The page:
|Type(s)||Victory - Castle|
|Sort the Castle pile by cost, putting the more expensive Castles on the bottom. For a 2-player game, use only one of each Castle. Only the top card of the pile can be gained or bought.|
Castle is a type of Kingdom card from Empires. It is a Split pile with 8 differently-named unique Castles; when Castles are selected as a Kingdom card for a game, they are ordered in ascending order of cost from to in a single Supply pile, of which only the top card can be gained at any given time, though you may look through the pile to see which Castles are next.
Every Castle is a Victory–Castle card, though 3 have an additional type as well. They are all worth some amount of (and are thus considered alt-VP), and most have different abilities as well.
In games with more than 2 players, an extra copy of 4 of the Castles (Humble, Small, Opulent, King’s) are added to the pile, still in ascending order of cost.
List of Castles
- Humble Castle
- Crumbling Castle
- Small Castle
- Haunted Castle
- Opulent Castle
- Sprawling Castle
- Grand Castle
- King's Castle
See individual Castle pages.
Note: This section is written to specifically address the setup for two-player games, but the general concepts still apply to multiplayer.
The Castles pile consists of alt-VP cards with variable names, prices, and other properties. If uncontested, acquiring the complete set of 8 Castle cards is worth at least 45 , which rivals the 48 value of the entire 2-player stack of Provinces:
- Humble Castle: 1 for each castle = 8
- Crumbling Castle: 1 , plus an extra for gaining = 2
- Small Castle: 2
- Haunted Castle: 2
- Opulent Castle: 3
- Sprawling Castle: 4 + a free Duchy = 7
- Grand Castle: at least 5
- King's Castle: 2 for each castle = 16
In practice, the pile is likely to be contested. The presence of so much additional in the Kingdom tends to prolong the game and provide more time and payoff for building a good engine that can take many green cards per turn. Because most of the Castles are not very useful as playable cards, they are often gained towards the endgame, like other Victory cards; however, because several of them do have other functions and certain Castles may be more desirable than others, there is sometimes pressure to start gaining them slightly earlier.
The variable nature and increasing costs of Castles have several ramifications that differentiate them from uniform piles of Victory cards:
- First, effective scoring with Castles is largely tied to King's Castle and, to a lesser extent, Humble Castle, which both scale with the number of Castles you have. As such, you’ll usually have to commit to scoring via Castles, and won’t get much from only one or two copies as you would with Provinces, even if those are the pricier Castles. It also means that if your opponent is going for Castles, you will need to periodically weigh up how much you can deny your opponent by taking a Castle for yourself.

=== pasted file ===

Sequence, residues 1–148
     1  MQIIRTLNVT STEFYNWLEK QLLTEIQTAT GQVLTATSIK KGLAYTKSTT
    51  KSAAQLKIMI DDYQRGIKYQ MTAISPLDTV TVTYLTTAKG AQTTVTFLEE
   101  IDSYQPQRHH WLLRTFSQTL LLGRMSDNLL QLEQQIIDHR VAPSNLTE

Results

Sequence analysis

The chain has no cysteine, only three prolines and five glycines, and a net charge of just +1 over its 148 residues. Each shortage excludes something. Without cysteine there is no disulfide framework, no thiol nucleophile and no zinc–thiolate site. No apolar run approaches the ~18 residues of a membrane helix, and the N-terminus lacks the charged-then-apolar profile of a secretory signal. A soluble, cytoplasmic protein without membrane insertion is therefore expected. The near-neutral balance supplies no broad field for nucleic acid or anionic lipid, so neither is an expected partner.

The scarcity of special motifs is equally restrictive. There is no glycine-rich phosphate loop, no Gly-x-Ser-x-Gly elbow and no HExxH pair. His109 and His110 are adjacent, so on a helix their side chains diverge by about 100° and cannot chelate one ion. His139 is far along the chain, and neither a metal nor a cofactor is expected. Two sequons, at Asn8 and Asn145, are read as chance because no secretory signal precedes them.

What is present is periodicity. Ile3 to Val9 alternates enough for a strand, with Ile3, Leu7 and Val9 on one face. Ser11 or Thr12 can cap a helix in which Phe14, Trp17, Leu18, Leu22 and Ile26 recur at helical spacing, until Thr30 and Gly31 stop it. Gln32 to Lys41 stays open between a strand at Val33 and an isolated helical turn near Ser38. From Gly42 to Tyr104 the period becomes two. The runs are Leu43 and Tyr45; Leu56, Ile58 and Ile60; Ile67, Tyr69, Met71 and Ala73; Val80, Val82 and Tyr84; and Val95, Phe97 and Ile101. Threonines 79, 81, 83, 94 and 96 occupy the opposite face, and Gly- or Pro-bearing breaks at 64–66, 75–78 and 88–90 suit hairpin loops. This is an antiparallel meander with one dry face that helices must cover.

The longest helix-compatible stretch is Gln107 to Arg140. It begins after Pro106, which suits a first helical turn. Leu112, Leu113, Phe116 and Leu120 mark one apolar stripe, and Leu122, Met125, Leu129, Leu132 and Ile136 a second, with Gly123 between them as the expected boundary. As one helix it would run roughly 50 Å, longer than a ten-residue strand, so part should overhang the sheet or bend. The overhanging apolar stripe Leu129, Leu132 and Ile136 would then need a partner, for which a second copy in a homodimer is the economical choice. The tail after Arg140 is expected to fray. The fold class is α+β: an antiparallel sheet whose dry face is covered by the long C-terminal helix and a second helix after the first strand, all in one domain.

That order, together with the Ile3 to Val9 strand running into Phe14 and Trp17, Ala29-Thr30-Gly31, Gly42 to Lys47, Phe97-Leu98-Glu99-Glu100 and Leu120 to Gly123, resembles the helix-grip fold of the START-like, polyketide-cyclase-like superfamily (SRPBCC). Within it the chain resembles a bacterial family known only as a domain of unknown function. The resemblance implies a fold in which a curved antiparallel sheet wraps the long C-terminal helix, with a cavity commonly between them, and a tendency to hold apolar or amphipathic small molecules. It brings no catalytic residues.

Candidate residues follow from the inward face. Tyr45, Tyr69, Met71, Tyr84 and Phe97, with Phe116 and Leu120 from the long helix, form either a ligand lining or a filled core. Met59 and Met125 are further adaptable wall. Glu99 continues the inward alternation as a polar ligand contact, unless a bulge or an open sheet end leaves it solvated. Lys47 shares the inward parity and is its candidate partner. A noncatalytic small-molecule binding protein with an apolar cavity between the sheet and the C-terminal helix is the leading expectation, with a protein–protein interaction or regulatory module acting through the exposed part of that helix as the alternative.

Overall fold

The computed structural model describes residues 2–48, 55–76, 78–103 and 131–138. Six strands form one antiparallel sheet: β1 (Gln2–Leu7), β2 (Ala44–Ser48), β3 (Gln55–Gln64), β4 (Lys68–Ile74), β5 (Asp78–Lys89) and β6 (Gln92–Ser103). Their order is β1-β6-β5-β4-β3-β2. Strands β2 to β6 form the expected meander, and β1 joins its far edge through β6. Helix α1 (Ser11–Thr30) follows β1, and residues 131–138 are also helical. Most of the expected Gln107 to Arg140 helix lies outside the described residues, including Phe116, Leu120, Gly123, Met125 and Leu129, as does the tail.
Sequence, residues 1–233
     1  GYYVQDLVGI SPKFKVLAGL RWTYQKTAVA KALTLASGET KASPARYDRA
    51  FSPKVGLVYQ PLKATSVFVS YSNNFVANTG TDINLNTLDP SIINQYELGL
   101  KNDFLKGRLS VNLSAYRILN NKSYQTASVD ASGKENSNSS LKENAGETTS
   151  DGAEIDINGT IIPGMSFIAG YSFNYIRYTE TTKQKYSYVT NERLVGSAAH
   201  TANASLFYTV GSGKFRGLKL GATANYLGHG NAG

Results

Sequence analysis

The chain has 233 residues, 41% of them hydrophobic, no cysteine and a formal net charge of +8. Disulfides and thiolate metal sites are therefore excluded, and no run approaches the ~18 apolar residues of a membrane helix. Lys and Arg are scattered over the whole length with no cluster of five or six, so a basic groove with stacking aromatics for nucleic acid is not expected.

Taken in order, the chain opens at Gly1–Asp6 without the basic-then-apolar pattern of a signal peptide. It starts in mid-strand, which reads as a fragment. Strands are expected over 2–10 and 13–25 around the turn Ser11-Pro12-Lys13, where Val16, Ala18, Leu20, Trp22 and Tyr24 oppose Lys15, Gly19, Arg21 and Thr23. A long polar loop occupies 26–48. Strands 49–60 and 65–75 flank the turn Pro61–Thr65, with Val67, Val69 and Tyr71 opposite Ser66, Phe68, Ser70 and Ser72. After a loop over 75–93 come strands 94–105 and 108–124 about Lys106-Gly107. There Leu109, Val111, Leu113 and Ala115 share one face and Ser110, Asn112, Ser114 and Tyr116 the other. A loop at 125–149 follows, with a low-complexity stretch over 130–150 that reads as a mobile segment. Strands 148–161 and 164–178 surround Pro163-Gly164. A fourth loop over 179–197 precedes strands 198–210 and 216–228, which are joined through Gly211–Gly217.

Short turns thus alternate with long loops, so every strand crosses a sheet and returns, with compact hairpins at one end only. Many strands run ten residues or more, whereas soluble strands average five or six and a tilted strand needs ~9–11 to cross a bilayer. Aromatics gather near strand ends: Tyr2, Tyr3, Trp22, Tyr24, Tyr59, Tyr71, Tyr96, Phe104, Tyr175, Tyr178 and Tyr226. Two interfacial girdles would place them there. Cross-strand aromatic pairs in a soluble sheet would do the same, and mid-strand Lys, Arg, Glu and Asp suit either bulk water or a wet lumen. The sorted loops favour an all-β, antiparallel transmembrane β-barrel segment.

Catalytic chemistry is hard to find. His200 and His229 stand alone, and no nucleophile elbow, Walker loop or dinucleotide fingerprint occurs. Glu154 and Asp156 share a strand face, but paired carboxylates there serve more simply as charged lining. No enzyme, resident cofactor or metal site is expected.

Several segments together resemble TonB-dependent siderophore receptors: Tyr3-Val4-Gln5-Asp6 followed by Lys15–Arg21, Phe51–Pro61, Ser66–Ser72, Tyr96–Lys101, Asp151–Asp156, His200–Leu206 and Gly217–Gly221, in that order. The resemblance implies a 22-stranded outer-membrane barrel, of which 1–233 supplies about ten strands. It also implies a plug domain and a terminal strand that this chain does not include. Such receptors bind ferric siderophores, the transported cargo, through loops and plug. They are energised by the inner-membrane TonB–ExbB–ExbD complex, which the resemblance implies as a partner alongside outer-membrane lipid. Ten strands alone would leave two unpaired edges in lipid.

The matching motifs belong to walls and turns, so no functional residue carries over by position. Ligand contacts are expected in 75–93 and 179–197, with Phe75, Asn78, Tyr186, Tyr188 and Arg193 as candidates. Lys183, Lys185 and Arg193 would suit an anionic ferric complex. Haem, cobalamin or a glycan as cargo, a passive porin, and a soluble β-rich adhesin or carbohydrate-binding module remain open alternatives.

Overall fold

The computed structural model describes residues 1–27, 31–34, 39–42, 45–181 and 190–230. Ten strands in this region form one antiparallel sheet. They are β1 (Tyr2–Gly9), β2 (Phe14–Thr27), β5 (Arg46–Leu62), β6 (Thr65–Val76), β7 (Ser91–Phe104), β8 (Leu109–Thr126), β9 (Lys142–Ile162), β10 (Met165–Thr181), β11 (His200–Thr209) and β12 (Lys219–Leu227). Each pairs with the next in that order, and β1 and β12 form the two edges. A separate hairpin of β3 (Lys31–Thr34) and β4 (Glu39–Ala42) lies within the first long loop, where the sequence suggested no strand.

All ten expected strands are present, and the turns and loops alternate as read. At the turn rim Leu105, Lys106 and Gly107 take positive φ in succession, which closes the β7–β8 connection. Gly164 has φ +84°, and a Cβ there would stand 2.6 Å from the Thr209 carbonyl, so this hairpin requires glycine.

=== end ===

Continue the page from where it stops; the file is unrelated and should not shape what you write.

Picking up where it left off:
- Second, the varying costs of Castles mean that you are often rewarded for building to have both additional gains via gainers or sources of +Buy (to acquire multiple cheaper Castles at once) and the ability to hit high pricepoints (to afford the more expensive Castles). In Kingdoms without those additional gains, you’ll likely have to start buying Castles earlier, as buying them later is likely to waste . Additionally, you’ll need to be aware of uncovering particular Castles for your opponent; for example, if you buy Small Castle, your opponent may then be able to attack you by buying Haunted Castle.
- Third, the greening process can be significantly smoother (and might therefore start earlier) or your scoring more potent with effects that appreciate the variety of Castles. Notably, deck control is much easier to maintain with Castles than with Provinces when you’re drawing with Menagerie; Bounty Hunter also has many more opportunities to generate . Similarly, Castles tend to synergize well with Displace, since they make many differently named cards available, and can be Displaced into more expensive Castles or Provinces. The fact that Castles each have a unique name also means that they provide extra with effects such as Fairgrounds and Museum but incur a significant penalty with Wolf Den.
Another somewhat significant difference between Castles and Provinces is that emptying the Castles pile is not solely sufficient to end the game. If you’ve emptied the Castles pile, you’ll likely need to find a way to end the game another way, probably by taking Provinces. This feature also means that milling Castles isn’t very effective, as it doesn’t bring the end of the game nearer and you would rather keep those cards to increase your own .